Thursday 7 January 2016

BATAKOTO - An Appraisal - By KOLA DAOMI (PART 2).

Let me discuss what made the drum called Bata, Bata; it may be Batakoto, or Ijebu Bata or Bata Oyo. This is because the presence of Ida, (a black spot in the middle of the membrane that looks like gum) that made it to be called Bata. Batakoto is made of clay pot with a single membrane spread across the surface, and a wrapped rag tied round with the rope that is glued to the base in order to sit on the ground during performance. 

The sound can be regulated by the strings or thong-like attached round the body of the drum. There is Omele Koto, Atele Ejin and Iyakoto. The Omele Koto is the smallest that supplies the rhythm while Atele Ejin supports the rhythm and the Iyakoto which is the biggest of all which acts as improvisation drum during performance. 

Under classification, Batakoto can be classified as cult musical instrument, medicinal musical instrument and musical instrument used for purification. As earlier discussed, what made Bata - a popular drum in Yoruba land to be known and called Bata either Batakoto or Bata Ijebu is because of Ida, a black spot in the middle of the membrane that looks like gum. Amongst the Bata family, the structure of music produced by all the families are associated with the language of each ethnic group in Yoruba land that use the drum viz the Oyo, the Ekiti's, the Ondo's, the Afonja's or Kwara's e.t.c. 

In addition to their musical functions, they also function as speech surrogates or as signals, and dictate the steps of the dances. Since Batakoto is usually made from clay pot as the main resonant, some scholars beluse that pot usage is synonymous with women in Yoruba land and indeed many parts of Nigeria. Oya a Yoruba deity is a woman, Osun is a woman so also some deities in Yoruba that celebrate their festival with the drum called Batakoto. The membrane that is used for Batakoto is Ijimere which makes the drum more feminine while the membrane used for making Bata Oyo or Sango drum is Ese which makes it masculine. Don't forget Bata Oyo is mainly for Sango, a though ruler of Oyo Empire.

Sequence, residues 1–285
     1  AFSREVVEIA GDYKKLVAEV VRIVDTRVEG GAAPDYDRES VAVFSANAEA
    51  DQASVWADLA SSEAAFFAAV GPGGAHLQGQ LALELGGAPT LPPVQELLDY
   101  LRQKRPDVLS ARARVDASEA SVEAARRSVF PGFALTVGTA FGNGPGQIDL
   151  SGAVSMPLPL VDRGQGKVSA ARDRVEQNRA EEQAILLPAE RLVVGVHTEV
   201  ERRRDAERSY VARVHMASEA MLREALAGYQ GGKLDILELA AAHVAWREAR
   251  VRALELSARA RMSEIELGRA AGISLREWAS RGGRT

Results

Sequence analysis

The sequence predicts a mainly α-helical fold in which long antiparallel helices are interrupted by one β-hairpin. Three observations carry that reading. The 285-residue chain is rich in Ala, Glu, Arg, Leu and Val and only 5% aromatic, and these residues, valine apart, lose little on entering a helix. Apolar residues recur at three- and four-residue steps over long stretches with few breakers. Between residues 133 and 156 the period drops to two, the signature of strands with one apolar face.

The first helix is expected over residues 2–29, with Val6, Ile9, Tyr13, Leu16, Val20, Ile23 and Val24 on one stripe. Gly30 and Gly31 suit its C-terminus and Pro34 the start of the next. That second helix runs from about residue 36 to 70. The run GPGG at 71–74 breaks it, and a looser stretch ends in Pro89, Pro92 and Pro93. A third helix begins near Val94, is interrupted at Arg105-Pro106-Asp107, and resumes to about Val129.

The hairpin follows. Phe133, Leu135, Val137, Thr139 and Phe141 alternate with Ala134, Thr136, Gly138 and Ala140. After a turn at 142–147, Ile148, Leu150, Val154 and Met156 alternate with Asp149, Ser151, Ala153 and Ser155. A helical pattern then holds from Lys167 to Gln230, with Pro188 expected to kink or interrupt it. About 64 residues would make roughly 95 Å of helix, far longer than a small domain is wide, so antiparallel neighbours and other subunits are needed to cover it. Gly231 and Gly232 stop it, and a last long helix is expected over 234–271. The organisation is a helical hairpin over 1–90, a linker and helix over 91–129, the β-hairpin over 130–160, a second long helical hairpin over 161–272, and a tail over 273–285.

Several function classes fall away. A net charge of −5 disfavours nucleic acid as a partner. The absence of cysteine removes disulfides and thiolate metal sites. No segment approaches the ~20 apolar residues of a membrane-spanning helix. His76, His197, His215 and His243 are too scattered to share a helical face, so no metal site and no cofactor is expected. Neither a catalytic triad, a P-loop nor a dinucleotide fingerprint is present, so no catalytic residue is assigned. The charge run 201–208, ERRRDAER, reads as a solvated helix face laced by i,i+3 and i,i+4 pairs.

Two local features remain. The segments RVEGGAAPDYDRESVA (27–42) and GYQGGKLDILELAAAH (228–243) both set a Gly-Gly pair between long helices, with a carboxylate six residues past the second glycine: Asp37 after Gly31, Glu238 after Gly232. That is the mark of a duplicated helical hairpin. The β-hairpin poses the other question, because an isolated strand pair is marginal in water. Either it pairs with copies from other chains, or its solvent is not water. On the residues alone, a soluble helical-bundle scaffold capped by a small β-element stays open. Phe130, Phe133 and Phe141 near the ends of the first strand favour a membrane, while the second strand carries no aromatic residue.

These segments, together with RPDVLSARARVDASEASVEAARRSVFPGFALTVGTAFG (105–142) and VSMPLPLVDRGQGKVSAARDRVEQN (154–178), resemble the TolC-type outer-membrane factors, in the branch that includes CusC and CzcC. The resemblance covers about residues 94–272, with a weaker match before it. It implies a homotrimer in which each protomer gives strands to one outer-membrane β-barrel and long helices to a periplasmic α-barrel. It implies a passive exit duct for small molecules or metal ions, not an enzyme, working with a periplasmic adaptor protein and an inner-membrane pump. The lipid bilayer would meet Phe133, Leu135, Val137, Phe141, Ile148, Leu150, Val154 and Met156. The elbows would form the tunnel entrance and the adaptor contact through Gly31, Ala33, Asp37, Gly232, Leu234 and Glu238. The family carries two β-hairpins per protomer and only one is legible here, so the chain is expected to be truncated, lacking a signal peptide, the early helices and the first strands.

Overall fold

From the above explanation, one can see the unmistakeable reasons why Batakoto is a female drum. As earlier discussed Batakoto is a great musical instrument used for social and ritual functions with single membrane, it will be pertinent to note that Batakoto also perform other functions e.g. the drum is also used to detect criminals in some areas that had earlier been mentioned. If the criminal refuses to confess his criminal act, he will be attacked by meningitis and die. 

Before the criminal is buried, the family pays some fine to the community so as to cleanse the mess with some rituals and performance with the drum. The music performance of such rituals for example is of simplest type. The musical instruments consist of just a small gong and the three Batakoto drums viz the Omele Koto, Atele Ejin and Iya Koto. The rhythm of the music is monotonous admitting of only a few variations. The study of Batakoto by this scholar shows that Oya a deity in Yoruba land is from Ile-Ira in Kwara State while Osun deity is from Ilesha and Sango another deity is from Oyo. Out of the three deities only Sango stands to be a male and others that use Batakoto are females. Batakoto is another brand of Bata that is different from Bata Sango. 

It is a common belief among the Ijeshas that barren women can appease to Osun for a child with mere drumming Batakoto during Osun festival, because they know that Osun understands the language of drum. 

In performance Bata drum is being slapped on one side with a leather and the other side with hand while Batakoto is beaten with a small stick rod and hand to produce the sound required. Bata is hung during performance while Batakoto sits on the ground during performance. Batakoto is a traditional musical instrument as earlier stated. The musical activities that are always performed by the drum include rites of cult groups such as Osun devotees, worship of the gods, marriages, the ancestral masquerade e.g. masquerade from Eruwa in Oyo State and masquerade from Kwara State that uses improvised beads round their waist called Jigida among the Ibo's. The masquerade is called Eegun-tira: celebration in connection with chieftaincy e.t.c.

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